• Answer vast acreages can be plowed, sown, and
    harvested in less time and with fewer people,
    enabling farmers to produce crops on a large
    scale
  • Are there any disadvantages?
  • Answer Initial cost? Repairs and maintenance?
    Increased consumption of energy, exhaust gases
    released to environment, noise, etc.

80
Exam Question from this Section
  • Fill in the chart below

Type of Human Activity Impact on the Environment
Hunting Gathering
Agriculture
Green Revolution
81
Question
  • Cities and Suburbs can grow out of control, and
    be so sprawled out that we run into problems.
    What are these problems and how can they be
    prevented?
  • Answer
  • Wastes ? reduce reuse recycle!
  • Put a cap on how big a city should be able to
    grow outwards (daily commutes in cities like
    Toronto and Calgary are atrocious!)
  • Other ideas?

82
Historical footnote
  • Norman Borlaug was born on a farm. After
    Receiving his doctorate in Plant Pathology from
    university, he became director of a program in
    Mexico that focused on breeding new and improved
    crops
  • In the years that followed, The International
    Maize and Wheat Center near Mexico City, Norman
    was successful at creating new strains/breeds of
    wheat and corn that were able to withstand
    disease and drought with relatively high yields
    (yield is how much grain you get from a given
    area)
  • By the 1960s his strains were being planted
    throughout the world, especially in famine
    wracked nations such as India and Pakistan. He
    received the Nobel Peace Prize for his work.

83
Question
  • How has an understanding of Biology helped
    mankind?
  • Potential Answers creating new crops that can
    survive harsh climates, enriching crops with
    vitamins to prevent blindness others?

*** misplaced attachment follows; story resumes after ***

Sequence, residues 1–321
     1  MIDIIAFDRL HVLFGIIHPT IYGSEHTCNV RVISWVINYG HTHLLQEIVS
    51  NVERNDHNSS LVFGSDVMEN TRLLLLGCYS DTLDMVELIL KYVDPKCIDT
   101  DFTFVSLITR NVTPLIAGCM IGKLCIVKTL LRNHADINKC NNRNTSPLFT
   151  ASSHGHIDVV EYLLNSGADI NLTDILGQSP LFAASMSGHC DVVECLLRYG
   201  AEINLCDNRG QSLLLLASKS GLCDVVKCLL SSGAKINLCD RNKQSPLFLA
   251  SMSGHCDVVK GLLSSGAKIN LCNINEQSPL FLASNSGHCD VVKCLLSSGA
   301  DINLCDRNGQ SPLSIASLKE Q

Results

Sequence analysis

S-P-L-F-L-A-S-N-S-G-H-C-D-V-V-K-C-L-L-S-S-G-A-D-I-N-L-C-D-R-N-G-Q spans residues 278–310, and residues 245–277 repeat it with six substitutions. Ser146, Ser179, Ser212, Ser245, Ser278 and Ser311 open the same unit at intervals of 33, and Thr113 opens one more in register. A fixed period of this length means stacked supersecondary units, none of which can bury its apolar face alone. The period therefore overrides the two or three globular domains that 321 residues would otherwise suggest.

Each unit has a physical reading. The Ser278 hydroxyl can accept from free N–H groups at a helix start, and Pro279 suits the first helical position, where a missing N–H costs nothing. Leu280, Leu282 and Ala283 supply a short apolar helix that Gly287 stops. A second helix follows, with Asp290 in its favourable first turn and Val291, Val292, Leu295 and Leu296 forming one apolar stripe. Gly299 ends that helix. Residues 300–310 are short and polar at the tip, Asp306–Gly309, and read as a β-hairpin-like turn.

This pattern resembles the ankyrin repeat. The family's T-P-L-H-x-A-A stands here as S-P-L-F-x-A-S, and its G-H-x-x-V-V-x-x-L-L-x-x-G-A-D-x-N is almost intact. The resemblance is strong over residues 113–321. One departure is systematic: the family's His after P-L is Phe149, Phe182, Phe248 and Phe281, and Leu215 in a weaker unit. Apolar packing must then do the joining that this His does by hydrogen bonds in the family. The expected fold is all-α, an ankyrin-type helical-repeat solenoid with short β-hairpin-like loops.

• Does this area of study still occur today?
  • Answer Yes! For example University or
    Saskatchewan created a strain of rapeseed nearly
    50 years ago and called canola, this is big
    business! U of S is the premier university in
    the world for agricultural research, a very
    profitable science that benefits the world

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Assignment
  • Read 6.1 from your text
  • Answer Questions 3, 5 on p. 143

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6-2 Renewable and Non-Renewable Resources
  • Read aloud introduction
  • Question What is the tragedy of the commons?

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Trading forests for food
  • During the past 200 years, our neighbours to the
    south (USA) have had their forest lands reduced
    by about 20 This amounts to an area roughly the
    size of Texas
  • Worldwide, forests have been reduced in size by
    20 in the last 30 years much of this has been
    cleared in order to grow crops
  • The impact of reducing forest cover can include
    more severe destruction from natural disasters
    (forests prevent floods and absorb force from
    hurricanes and tsunami), a reduction in
    biodiversity, less rain and increased CO2 in our
    atmosphere

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Fisheries
  • World fisheries are regions where fish are
    harvested industrially
  • In 2000, the world catch was almost 95 million
    metric tons. 86 million came from our oceans.
  • World aquaculture amounted to nearly 36 million
    tons
  • The top 3 types of fish were sardine, herring
    anchovies at about 25 million metric tons
  • The leading countries who fish are China, Peru,
    Japan, India, USA, Indonesia, Chile and Russia
  • Pacific Ocean fisheries account for about ½ the
    worlds fish catch

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Questions
  • How does Biological pest control contribute to
    sustainable development?
  • Answer It does not create pollution that can
    enter the food chain and harm other organisms

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Question